A couple of months ago I went on a whirlwind waterfall tour on the outskirts of Tupper Lake. To my surprise, just beyond the edge of the twisting, tree-lined roads were little-known trails to spectacular places. I discovered raging waterways that squeezed between rock walls, dropped off of river-bottom precipices, and tumbled over enormous boulders.
People pass these gorgeous falls every day without realizing they’re there, making them feel more remote than they are. I recently learned about another local treasure, Pa’s Falls (also known as Winding Falls), and I decided to check that off my list, too.
A little-used trail
Rumor has it a state Department of Environmental Conservation trail crew will soon start working on a couple of marked trails to the falls, and that’s a good thing — while I had little problem finding my way, I can’t recommend this trail to anyone who’s new to the forest. The path itself is well-worn in spots, but in other places it almost completely vanishes, meaning you need to look for signs of footsteps on the leafy ground to find the way. There is also some flagging along the route, but that’s sporadic. In some places the ribbons are frequent, while in others they’re nonexistent.
If I’ve completely scared you off, consider this a rough preview to a new hiking trail and wait until it’s finished to visit the falls. If you’re not a stranger to following a somewhat vague route through the woods, read on. This is a beautiful, 3 mile roundtrip adventure through a variety of forest types that ends in a dramatic waterfall.
To find the trailhead, take Route 30 from Tupper Lake toward Long Lake and turn right on Route 421. You’ll pass Bog River Falls, then the road makes a hard left (there’s a sign for Horseshoe Lake) and climbs a long, steep hill. About 3 miles after the turn onto 421 there’s a yellow metal gate and a small wooden sign that says “Winding Falls.”
Beyond the yellow gate
I parked on the side of the road, and led my dog Belle around the gate and into the woods. The forest here is thick, with immature balsam firs lining the narrow but obvious path. There was the occasional fallen tree to clamber over, but other than that things were pretty clear until we reached a series of beaver ponds.
I marveled at this gorgeous place. It’s open and lush, and birds and dragonflies love it. Belle reveled in whatever was on the ground, thrusting all four paws in the air like she just didn't care and grunting in absolute pleasure as she rolled and kicked.
The challenge here is getting past the two small ponds. The trail basically continued straight, but staying on it required a balancing act across an overgrown beaver dam. I could immediately tell this was a surefire way to get wet boots, so we made our way around the upper pond through the thick fern growth.
On the other side of the dam, the path turned into an old woods road as it gently climbed a hill. Through the trees on the left I spotted a much larger beaver dam and pond. The next time I’m there I need to go in for a closer look.
Once the road reached the top of the hill, things got a little trickier. The trail passed through open areas of grass and ferns, and some of them were so overgrown the trail was completely obscured. It took a little searching along the perimeter to figure out where to re-enter the woods.
After that that there was a long, easy-to-follow climb through a predominately yellow birch forest, followed by a steady decline through more birch. The path here was tricky to find, as the thick stand of birch saplings and leafy forest floor made the ill-defined trail hard to see. The flagging began around this spot, so we were able to use that to get an idea of which direction to walk in. That's how the rest of the way went — there were small, grassy openings with muddy sections; thick spruce and balsam stands where the path was obvious; and beautifully open hardwood stands. There were also short climbs and dips, but the terrain was mostly easy — it’s the route finding that can be a chore.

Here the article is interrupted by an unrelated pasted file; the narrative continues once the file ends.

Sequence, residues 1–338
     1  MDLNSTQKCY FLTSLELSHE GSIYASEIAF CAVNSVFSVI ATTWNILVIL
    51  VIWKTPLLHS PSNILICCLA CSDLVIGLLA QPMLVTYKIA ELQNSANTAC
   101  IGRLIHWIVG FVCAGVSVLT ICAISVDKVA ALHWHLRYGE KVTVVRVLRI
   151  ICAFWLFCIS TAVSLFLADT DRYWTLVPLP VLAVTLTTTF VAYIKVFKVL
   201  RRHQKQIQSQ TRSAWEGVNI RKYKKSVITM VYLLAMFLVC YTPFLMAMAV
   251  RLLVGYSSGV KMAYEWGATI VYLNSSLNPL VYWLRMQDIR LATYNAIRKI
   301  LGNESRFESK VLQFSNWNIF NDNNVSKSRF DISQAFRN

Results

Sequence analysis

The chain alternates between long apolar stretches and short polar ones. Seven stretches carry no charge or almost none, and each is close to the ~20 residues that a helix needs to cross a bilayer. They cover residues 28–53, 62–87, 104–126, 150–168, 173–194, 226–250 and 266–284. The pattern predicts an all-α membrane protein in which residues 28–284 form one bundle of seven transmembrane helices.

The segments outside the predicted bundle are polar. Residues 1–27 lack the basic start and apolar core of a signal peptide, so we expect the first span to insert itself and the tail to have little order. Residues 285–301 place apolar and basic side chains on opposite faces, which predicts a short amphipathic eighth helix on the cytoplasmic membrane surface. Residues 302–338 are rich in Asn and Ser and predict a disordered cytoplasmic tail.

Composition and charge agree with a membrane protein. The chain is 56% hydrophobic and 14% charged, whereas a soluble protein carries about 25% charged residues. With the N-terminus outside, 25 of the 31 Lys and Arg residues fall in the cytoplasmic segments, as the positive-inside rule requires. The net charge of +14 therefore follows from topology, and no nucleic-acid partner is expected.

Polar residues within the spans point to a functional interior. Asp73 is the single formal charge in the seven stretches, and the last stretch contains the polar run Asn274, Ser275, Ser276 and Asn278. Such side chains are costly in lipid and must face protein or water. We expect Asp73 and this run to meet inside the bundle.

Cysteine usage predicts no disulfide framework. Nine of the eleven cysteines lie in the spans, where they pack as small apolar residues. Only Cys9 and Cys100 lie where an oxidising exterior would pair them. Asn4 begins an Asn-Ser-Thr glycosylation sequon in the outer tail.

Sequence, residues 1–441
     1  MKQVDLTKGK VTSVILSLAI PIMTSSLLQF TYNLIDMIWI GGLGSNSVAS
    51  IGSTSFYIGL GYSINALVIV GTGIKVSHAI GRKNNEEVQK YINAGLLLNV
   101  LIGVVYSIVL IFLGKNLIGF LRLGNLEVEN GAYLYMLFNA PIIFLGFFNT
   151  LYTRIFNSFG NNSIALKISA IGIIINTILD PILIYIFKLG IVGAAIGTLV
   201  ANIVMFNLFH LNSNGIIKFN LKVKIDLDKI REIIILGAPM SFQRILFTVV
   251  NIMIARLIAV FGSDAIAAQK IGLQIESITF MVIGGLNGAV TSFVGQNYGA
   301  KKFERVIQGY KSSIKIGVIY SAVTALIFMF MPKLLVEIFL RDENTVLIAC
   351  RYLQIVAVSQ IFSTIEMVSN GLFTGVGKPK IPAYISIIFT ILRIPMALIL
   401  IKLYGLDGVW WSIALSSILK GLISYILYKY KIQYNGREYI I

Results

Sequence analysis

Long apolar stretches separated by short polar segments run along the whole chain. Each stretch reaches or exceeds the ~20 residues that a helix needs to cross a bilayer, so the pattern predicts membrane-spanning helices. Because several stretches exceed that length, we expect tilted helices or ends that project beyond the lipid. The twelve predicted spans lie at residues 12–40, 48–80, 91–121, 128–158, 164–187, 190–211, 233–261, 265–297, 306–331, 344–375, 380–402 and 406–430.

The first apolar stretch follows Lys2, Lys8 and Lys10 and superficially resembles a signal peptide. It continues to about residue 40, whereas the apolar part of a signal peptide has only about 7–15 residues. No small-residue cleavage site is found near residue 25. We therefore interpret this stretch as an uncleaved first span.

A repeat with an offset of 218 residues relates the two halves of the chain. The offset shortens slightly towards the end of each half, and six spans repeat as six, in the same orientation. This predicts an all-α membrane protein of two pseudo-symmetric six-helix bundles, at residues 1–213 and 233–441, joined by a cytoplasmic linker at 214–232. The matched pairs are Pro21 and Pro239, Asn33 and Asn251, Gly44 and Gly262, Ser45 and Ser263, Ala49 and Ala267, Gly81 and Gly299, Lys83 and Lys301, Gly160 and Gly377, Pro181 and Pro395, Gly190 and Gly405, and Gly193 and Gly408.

The best advice I can give is to use a combination of tools. Don’t let yourself lose sight of the last ribbon. They occur fairly frequently but some have fallen to the ground. Bring a map and compass and know how to use them. And for me, the best thing was having Belle with me. She’s a natural at following a trail, even if it’s not entirely obvious to me.
It’s true that getting to Winding Falls is an adventure, but it’s worth it. The forest here is full of birds and signs of other animals. We scared several ruffed grouse along the way, and even saw a handful of fluffy grouse chicks.
But the real treasure, of course, is the falls. Belle and I entered a clearing and saw the Bog River rapidly flowing beneath the old railroad trestle in front of us. The roar coming from downstream was obvious. We turned left, followed the riverbank, and there it was — a frothing white torrent of river. Next to the cascade there are a couple of grave markers; a memorial, I assume, to someone’s Pa. Just past them is a narrow promontory that reveals more of the falls. The water shoots through a narrow canyon before splashing into a calm bend in the river below.
Belle and I took a moment to read the grave markers and contemplate the impermanence of life — well, I read the markers while Belle snapped at flies — then we made our way to the base of the falls. Belle pulled a stick from the ground and proceeded to chew on it while I watched an Eastern tiger swallowtail butterfly dance in the cold mist. It was a nice dynamic, the roar of water and the gentle insect, but soon the creature drifted down the Bog River and was out of sight. With a smile and a sigh I turned from the spectacular scene and was soon out of sight, too.
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